I am a part of the team that does a column called “Portfolio Doctor” for Money Today magazine. This column is very popular – and the requests for being featured far, far exceeds the number of columns that can be carried.
So here is what the editor of MONEY TODAY has to say about the column:
Here is some feed back from Rohit Saran:
“Find a family concerned about its financial health. Ask for its income, expenses and investments. Check for the logic behind the investments. List out the financial goals this family has. Share these details with experts in wealth management and ask them to prepare a complete financial plan for the family. Review the plan with the family.“
“Write it down in a language that is interesting and instructive—complete with a family portrait. Do all of this for free and do it at least once every alternate week—month after month, year after year.“
“Hopelessly ambitious. That would be the justified reaction of anybody who is asked to undertake such an obligation. Yet, this is exactly the task we took upon ourselves when we started Money Today. In every issue since our launch, we have diagnosed in detail the financial health of a family.“
“Diagnosis is accompanied by prescription of what the family needs to do to improve its finances and secure its future. This section (portfolio doctor) has been our most popular and rewarding one.“
“We have been inundated with requests from readers willing to be featured and share their most intimate financial details. For us, this is a source of pride and inspiration. Pride, because we are making a difference, and are inspired to do our best to fulfill readers` expectations.“
“Each case that is examined goes through an elaborate process, akin to a medical examination. We make multiple calls to the head of the family asking for every single financial detail and future plans. A similar engagement takes place between the family and the financial expert (our partner Iris), and finally between Iris and us. Then comes the final test—to present the entire analysis in a way that is interesting and useful to readers.“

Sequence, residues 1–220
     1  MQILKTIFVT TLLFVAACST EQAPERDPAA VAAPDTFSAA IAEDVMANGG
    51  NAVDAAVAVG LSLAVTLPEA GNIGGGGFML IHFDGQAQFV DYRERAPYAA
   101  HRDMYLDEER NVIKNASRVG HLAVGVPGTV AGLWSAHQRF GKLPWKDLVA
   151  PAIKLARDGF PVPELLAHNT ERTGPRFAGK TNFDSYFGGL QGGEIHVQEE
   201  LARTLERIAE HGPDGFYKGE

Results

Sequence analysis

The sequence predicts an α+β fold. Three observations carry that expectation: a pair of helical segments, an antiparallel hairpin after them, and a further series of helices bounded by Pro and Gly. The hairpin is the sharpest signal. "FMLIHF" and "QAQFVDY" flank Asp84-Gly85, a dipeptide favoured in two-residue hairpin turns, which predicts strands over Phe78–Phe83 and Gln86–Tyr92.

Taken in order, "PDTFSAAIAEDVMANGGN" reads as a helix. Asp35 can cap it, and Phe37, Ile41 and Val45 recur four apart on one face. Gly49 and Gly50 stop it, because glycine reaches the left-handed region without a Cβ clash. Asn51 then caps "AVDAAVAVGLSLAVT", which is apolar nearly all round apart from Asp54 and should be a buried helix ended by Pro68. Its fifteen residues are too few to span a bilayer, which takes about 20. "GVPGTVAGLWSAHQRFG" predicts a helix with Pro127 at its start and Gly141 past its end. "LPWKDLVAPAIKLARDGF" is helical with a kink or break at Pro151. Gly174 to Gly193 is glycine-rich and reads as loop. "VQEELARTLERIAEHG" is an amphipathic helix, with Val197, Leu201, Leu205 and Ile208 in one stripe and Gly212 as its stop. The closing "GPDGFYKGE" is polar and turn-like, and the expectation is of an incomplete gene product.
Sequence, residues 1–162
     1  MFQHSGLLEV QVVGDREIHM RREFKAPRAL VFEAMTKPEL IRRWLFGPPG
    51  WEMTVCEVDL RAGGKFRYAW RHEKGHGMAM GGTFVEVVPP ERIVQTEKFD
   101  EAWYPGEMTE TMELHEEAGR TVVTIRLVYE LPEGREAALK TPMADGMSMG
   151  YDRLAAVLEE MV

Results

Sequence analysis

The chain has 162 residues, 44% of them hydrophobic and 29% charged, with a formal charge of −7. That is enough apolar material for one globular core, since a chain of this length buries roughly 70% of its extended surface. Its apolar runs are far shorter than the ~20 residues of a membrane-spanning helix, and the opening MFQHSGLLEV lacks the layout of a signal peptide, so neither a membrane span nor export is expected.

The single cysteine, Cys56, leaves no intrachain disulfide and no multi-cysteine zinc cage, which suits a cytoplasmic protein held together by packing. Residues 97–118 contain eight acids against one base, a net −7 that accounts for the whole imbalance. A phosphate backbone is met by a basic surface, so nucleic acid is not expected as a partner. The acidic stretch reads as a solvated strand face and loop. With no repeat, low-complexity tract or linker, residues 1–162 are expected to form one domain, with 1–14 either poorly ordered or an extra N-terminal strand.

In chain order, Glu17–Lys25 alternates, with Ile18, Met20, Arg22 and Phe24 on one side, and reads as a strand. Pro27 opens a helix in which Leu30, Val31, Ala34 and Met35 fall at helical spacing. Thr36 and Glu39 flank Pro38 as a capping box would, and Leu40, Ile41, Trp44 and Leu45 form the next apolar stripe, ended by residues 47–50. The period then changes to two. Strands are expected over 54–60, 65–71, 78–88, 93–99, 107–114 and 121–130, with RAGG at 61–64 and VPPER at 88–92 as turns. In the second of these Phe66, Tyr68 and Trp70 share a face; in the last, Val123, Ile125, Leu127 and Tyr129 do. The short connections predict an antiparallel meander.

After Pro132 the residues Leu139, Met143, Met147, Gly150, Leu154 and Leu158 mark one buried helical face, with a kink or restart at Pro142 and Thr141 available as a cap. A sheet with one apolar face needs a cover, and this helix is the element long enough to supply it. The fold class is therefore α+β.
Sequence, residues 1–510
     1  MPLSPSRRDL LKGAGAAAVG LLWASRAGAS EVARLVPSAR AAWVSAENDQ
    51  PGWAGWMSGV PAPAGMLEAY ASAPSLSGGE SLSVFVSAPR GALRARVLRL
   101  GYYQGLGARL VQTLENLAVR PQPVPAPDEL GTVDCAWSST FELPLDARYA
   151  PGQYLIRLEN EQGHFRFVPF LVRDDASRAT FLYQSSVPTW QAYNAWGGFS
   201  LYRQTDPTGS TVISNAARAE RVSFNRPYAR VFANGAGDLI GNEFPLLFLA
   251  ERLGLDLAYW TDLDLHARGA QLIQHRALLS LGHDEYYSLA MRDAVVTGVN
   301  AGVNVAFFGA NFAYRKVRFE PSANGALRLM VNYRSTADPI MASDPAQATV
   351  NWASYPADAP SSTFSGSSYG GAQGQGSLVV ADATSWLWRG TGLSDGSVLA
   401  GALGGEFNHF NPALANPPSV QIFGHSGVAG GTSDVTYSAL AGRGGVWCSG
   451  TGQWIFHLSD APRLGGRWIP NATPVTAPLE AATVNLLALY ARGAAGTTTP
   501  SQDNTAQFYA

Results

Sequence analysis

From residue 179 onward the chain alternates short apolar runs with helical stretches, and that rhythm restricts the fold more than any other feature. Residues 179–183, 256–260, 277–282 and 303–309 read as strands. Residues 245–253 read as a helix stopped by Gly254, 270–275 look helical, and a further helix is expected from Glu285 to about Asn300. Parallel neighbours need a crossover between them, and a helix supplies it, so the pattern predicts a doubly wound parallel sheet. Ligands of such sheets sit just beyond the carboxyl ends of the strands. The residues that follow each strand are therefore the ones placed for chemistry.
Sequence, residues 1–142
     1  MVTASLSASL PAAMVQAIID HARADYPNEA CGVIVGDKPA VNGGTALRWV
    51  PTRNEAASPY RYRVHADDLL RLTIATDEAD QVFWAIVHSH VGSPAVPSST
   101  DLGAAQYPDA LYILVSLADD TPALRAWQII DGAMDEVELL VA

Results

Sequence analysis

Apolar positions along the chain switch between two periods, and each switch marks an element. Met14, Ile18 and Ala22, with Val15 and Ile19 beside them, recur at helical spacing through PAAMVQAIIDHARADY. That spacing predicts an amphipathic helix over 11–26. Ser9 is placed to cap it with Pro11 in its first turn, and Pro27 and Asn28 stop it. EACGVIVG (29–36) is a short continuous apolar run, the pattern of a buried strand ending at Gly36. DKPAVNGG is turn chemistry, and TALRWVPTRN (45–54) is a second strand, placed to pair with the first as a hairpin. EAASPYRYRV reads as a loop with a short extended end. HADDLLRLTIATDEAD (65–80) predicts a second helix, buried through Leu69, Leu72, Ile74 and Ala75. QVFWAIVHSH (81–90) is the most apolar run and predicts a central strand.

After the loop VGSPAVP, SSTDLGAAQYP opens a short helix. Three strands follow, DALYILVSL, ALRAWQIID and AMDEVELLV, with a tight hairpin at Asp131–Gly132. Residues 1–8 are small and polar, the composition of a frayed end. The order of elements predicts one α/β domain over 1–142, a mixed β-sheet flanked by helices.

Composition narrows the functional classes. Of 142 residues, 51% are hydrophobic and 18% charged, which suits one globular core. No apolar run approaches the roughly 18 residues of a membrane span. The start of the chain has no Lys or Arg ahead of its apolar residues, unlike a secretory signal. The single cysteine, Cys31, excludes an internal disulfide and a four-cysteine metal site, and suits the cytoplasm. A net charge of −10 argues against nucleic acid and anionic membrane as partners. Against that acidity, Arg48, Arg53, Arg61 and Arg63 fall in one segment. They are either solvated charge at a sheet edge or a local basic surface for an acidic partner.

“To do the latter, we have been careful in choosing case studies from varied situations, geographies and income classes. It`s easy for us to say that we are making a difference, but where is the proof ? In our anniversary issue we had contacted a few past `patients` to check how they were doing after our `treatment`.“
“The response was overwhelming. Beginning this issue, we make this validation a regular feature. In every alternate issue of Money Today, we will bring you the experience of a family we profiled in the past. They will tell us how much of our prescription they followed with what results. So we now offer the prescription and proof of its curative effect on one sheet.”
Frankly a full review like this (completely unbiased, the team at Iris does not even speak to the client), Money Today and iris do not sell any financial products, and the recommendation is normally very hard hitting from the Iris side. However Kamya Jaiswal at Money Today tones it down and writes politely. At the Iris stage our analysts say “this client has no clue about equity markets”, “portfolio construction is a joke – this is a dhobi’s list”, “this client has 30 schemes and 74 direct equity investments, but 64% of his portfolio value is in 3 shares”, “luxury goals? he has enough money to last 3 years of retirement, ask him to cut his current life style” “He is bluffing about his cash expenses – ask him about lumpsum expenses not on a monthly basis”. Very few financial planners (or even trainers!!) will ever have the guts to speak to the customer in this tone!
So the end customer is getting a free, unbiased advice worth at least Rs. 25,000 – and also a follow up call to know how much has been implemented. A lot of the recommendations get implemented, but MT and iris cannot lose sleep over the non implemented part. However recommendations like ‘take life insurance’ is such a lose-lose game. If he takes and dies the family is not going to remember to thank Money Today. If he does not take but dies his wife is not going to remember that MT had asked him to take life insurance! Heads u lose, tails u lose. However, it is not a thankless job because many many people do take it seriously.
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